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"Untenable": Labor demands Bell resign from parliament

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Labor has come out swinging after Troy Bell’s court appearance this morning as it seeks to intensify pressure on Liberal leader Steven Marshall, with Treasurer Tom Koutsantonis declaring the Mount Gambier MP’s continued presence in parliament is “untenable”.

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But Bell’s fellow ex-Liberal crossbencher Duncan McFetridge says he feels for his former party colleague and fears for his mental health, telling InDaily it is “important no matter what that [politicians] do support each other”.

Bell was placed on bail and must seek permission to travel interstate after today facing charges of dishonestly dealing with sums totalling more than $2 million. He has strenuously denied the allegations and says he will fight the charges.

He quit the Liberal Party late last week after the charges were laid following an ICAC investigation, but has determined to remain in parliament – a decision his former leader Marshall on Friday declared was “a matter for him”.

“I support the presumption of innocence until proven guilty,” Marshall said at the time, adding he believed it was appropriate for Bell to remain an MP.

“Look, I do… I think he’s so adamant about this situation, he’ll be in court next Tuesday… let’s see what happens then.”

But after today’s court appearance in Mount Gambier, Koutsantonis took aim at the Liberal leader, telling reporters: “How can Steven Marshall still think it’s appropriate Mr Bell remain in parliament?”

With less than seven months until the March state election, Koutsantonis said Bell would now be “spending every hour of every day defending himself rather than fighting for the people of Mount Gambier”.

“How can Mr Bell possibly do his job as a member of parliament, while there are 30 volumes of accusations and charges against him relating to $2 million worth of theft?” he said.

“Quite frankly, it’s untenable now… it’s untenable for Mr Marshall to continue to support Mr Bell.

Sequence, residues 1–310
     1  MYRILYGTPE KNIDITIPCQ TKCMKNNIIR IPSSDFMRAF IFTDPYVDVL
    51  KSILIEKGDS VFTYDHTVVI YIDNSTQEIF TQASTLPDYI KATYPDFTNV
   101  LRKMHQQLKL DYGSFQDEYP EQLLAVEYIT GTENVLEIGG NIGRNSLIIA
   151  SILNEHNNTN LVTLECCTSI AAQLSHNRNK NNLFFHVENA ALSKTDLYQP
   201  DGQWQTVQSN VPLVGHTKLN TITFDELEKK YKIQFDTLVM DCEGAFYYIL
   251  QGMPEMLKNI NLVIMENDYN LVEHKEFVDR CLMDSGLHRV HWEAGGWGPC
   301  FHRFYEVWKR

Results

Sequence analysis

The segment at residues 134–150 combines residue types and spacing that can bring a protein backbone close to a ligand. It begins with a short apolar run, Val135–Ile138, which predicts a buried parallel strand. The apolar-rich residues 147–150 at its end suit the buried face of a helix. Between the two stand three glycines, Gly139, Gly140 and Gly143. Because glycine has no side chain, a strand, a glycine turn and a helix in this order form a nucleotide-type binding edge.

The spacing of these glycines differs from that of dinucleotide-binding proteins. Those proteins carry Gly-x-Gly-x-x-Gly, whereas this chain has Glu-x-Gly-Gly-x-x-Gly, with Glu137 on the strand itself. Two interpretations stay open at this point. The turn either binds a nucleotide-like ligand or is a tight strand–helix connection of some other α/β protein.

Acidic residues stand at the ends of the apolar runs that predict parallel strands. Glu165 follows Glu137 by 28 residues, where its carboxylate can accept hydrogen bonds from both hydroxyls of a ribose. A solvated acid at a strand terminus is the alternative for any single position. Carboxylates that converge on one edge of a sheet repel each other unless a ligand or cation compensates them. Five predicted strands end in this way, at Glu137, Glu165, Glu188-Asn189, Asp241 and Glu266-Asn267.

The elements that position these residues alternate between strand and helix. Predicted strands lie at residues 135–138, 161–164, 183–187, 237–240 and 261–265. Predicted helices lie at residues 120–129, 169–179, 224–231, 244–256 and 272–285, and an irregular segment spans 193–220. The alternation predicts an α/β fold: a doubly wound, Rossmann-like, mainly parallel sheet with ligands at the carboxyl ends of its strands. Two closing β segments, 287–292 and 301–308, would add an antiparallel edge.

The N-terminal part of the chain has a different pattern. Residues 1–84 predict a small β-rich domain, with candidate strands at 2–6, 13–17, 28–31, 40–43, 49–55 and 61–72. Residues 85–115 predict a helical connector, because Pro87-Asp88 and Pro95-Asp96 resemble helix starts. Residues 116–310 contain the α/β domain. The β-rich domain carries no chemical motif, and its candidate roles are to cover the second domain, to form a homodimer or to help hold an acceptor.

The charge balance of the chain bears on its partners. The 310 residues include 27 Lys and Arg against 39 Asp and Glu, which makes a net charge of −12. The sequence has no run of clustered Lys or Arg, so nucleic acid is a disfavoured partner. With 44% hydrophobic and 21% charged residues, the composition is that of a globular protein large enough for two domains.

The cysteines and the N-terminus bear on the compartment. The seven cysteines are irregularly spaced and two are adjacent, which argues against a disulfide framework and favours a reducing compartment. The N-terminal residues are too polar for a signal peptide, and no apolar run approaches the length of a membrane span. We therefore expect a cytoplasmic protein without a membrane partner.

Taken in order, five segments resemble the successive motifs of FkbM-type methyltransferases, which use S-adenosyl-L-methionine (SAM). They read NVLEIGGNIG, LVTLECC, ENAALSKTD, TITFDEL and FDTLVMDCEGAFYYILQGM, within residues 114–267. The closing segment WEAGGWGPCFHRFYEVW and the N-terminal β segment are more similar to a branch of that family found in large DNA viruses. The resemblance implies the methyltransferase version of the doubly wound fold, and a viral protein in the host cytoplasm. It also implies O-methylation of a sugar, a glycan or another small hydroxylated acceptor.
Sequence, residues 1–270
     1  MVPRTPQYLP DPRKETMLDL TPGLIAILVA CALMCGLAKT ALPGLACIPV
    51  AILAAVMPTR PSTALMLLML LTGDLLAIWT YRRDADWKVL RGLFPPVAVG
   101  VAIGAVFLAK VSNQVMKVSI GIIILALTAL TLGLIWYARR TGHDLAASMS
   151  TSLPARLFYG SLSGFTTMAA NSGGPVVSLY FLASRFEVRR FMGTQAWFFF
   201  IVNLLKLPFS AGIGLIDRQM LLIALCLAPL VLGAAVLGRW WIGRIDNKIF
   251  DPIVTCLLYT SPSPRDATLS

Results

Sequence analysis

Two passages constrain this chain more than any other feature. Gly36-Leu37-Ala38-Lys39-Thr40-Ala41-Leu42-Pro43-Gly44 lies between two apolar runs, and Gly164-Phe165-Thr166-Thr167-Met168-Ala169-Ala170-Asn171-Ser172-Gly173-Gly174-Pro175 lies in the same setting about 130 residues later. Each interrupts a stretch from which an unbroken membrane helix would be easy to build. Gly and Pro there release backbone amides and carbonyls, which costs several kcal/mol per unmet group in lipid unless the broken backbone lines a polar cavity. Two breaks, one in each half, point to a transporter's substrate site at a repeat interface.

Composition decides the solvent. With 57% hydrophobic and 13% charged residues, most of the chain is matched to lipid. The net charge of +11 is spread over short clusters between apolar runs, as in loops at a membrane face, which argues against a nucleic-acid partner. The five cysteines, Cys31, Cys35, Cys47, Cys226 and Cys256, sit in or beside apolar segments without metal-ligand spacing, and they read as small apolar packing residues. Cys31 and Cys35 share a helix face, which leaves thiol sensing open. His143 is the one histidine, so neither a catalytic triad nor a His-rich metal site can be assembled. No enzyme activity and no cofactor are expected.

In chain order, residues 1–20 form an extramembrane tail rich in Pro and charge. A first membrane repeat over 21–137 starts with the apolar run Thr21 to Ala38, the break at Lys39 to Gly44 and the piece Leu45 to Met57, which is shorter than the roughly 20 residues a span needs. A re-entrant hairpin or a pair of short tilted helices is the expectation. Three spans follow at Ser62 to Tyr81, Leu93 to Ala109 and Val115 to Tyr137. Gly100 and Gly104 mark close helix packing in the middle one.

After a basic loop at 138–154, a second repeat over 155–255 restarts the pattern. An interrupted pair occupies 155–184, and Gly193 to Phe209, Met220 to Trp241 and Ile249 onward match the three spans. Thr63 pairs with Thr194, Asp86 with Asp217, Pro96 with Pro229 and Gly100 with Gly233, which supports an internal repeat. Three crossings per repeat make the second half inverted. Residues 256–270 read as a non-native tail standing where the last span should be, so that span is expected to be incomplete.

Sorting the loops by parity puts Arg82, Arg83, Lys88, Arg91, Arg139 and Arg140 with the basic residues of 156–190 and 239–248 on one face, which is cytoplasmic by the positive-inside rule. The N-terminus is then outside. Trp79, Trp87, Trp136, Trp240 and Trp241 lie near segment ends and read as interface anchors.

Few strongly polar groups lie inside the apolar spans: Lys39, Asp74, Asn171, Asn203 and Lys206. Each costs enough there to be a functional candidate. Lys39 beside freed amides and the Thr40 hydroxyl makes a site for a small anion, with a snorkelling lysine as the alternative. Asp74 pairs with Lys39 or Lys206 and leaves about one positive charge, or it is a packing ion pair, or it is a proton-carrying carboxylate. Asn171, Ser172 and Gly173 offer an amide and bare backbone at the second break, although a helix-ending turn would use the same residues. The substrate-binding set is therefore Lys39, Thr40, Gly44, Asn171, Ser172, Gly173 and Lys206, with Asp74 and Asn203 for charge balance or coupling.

“The right thing to do for our state is for Mr Bell to continue to defend these accusations as a private citizen – not as a member of parliament.”

Marshall’s office said he would not be commenting on the matter today, and was now off on “pre-arranged leave” from late this morning until the end of the week.

If Bell resigned, it would trigger a by-election in the south-east seat, despite a general election in the offing. While Mount Gambier is a safe Liberal seat, it has been held by a succession of independents since 1997, one of whom – Rory McEwen – helped bolster the Rann Government’s majority when he joined Labor’s frontbench.

Bell is the second sitting MP to face charges in recent years, after former Labor MLC Bernard Finnigan – who also hails from the south-east – stood trial on child pornography charges.

At the time, Premier Jay Weatherill demanded Finnigan relinquish his seat.

“No-one’s saying [Bell] is not innocent… what we’re saying is how can he possibly do his day job?” Koutsantonis said.

“He needs to seek the permission of the police to travel… how is he going to do his job as a member of parliament?

“The only people who are going to visit his electorate office in the next seven months are going to be the police, prosecutors, his lawyers and the media… no-one from Mount Gambier’s going to walk into his office seeking his assistance.”

The Treasurer said he didn’t believe Labor would win a by-election in Mount Gambier, but said the electorate has now “got no-one representing them”.

“They’re basically a group of people now without representation… for the benefit of the institutions and Mount Gambier – and probably Mr Bell himself – the best thing to do is resign,” he said.

However McFetridge, who quit the Liberals in May after being rolled for preselection and is now running as an independent, said he empathised with the “public pain that all politicians feel nowadays”.

He told InDaily he had sent Bell a text message last week asking if he and his family were okay, because he was concerned about “these circumstances he finds himself in”.

“Mental health is an important [issue] to me… from mental health point of view, I’m not going to ostracise him or refuse to be seen with him,” he said.

McFetridge and Bell will likely find themselves seated together when parliament resumes as independent conservative crossbenchers, and McFetridge said he would not “move away or place a pile of books between him and I”.

“This is above politics,” he said.

“Obviously I know Troy well – I was on committee with him, I’ve stayed at his place and I know his family pretty well… I was stunned at what’s come out, I obviously had no knowledge of it beforehand.”

He said Bell was a “straight up and down guy” who was “upfront on issues”.

“Having campaigned with him, he’s well-respected in the community down there [and] that would say a fair bit about his credibility… but what will be will be,” he said.

“I’m sure he’ll be feeling a lot of pain today, and so will his family… he’s innocent until proven guilty [and] I’ll be happy to talk to him and give him the benefit of my very short experience as an independent.”

Asked whether it was appropriate for Bell to remain in parliament while he contested the charges, McFetridge said: “It’s his decision… I’m not going to pre-judge him.”

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